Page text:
Canopic jars were used by the Ancient Egyptians during the mummification process to store and preserve the viscera of their owner for the afterlife. They were commonly either carved from limestone or were made of pottery. These jars were used by Ancient Egyptians from the time of the Old Kingdom up until the time of the Late Period or the Ptolemaic Period, by which time the viscera were simply wrapped and placed with the body. The viscera were not kept in a single canopic jar: each jar was reserved for specific organs. The name "canopic" reflects the mistaken association by early Egyptologists with the Greek legend of Canopus.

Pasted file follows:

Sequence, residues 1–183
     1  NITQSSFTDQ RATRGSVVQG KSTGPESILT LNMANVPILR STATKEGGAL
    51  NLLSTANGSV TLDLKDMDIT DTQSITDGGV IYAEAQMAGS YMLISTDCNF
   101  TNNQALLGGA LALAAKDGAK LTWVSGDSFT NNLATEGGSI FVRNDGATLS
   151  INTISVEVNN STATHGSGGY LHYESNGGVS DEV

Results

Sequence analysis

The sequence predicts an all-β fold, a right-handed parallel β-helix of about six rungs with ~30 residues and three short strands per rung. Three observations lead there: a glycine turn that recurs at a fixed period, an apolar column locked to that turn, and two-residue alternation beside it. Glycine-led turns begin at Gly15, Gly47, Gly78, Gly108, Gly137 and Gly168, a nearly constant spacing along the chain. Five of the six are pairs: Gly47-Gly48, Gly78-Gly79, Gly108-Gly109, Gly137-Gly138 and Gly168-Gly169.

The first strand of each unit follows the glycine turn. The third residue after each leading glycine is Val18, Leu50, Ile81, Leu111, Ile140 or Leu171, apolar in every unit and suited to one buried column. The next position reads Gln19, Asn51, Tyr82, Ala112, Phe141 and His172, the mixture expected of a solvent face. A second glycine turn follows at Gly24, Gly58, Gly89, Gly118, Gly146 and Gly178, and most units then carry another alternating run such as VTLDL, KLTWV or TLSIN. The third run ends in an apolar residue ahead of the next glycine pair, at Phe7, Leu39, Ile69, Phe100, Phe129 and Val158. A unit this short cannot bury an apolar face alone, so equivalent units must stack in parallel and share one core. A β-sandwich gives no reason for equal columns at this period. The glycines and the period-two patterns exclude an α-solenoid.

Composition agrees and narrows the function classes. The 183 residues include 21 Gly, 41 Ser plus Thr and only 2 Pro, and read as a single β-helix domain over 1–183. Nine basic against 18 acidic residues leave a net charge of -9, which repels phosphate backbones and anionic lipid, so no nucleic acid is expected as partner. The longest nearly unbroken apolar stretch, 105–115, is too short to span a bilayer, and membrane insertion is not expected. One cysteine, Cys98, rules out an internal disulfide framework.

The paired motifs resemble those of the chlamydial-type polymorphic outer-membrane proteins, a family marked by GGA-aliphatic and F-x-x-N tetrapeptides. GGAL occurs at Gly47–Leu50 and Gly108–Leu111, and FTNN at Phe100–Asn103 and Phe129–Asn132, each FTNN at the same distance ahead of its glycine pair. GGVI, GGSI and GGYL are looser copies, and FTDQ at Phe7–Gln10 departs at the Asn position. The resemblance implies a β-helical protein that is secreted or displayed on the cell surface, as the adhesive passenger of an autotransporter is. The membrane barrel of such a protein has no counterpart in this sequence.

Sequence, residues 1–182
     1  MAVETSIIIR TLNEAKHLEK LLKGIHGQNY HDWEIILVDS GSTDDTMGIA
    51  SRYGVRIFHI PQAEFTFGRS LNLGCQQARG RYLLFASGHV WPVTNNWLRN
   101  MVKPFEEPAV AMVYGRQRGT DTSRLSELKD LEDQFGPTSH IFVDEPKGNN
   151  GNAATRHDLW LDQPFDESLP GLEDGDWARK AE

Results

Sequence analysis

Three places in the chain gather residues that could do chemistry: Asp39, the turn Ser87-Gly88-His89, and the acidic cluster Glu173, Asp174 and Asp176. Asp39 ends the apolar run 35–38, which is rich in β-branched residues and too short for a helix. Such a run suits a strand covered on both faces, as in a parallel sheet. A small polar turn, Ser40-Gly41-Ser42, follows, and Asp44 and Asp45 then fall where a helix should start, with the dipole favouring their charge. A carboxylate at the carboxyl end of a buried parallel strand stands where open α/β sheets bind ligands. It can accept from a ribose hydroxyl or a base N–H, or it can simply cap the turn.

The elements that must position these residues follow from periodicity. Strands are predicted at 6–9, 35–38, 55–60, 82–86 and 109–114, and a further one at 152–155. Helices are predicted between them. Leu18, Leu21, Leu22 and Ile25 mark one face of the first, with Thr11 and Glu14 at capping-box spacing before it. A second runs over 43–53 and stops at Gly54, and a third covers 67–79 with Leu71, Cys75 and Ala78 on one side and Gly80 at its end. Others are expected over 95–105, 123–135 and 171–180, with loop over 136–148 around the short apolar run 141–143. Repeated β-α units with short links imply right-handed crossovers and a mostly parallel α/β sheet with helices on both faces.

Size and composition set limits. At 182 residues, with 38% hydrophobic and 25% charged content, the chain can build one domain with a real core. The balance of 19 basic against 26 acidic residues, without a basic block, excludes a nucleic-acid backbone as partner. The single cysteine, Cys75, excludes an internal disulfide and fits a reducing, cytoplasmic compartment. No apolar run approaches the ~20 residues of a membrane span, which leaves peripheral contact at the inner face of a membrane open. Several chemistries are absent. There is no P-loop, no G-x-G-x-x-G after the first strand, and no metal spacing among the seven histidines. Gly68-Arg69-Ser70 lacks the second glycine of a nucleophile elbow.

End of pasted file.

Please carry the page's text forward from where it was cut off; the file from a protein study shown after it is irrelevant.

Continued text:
Canopic jars of the Old Kingdom were rarely inscribed, and had a plain lid. In the Middle Kingdom inscriptions became more usual, and the lids were often in the form of human heads. By the Nineteenth dynasty each of the four lids depicted one of the four sons of Horus, as guardians of the organs.
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Other articles related to "canopic jar, canopic jars, jar":
... The canopic jars were four in number, each for the safekeeping of particular human organs the stomach, intestines, lungs, and liver, all of which, it was believed, would be needed in the afterlife ... There was no jar for the heart the Egyptians believed it to be the seat of the soul, and so it was left inside the body ... The design of canopic jars changed over time ...
Famous quotes containing the word jar:
“Drink your fill when the jar is first opened, and when it is nearly done, but be sparing when it is half-empty; its a poor saving when you come to the dregs.”
—Hesiod (c. 8th century B.C.)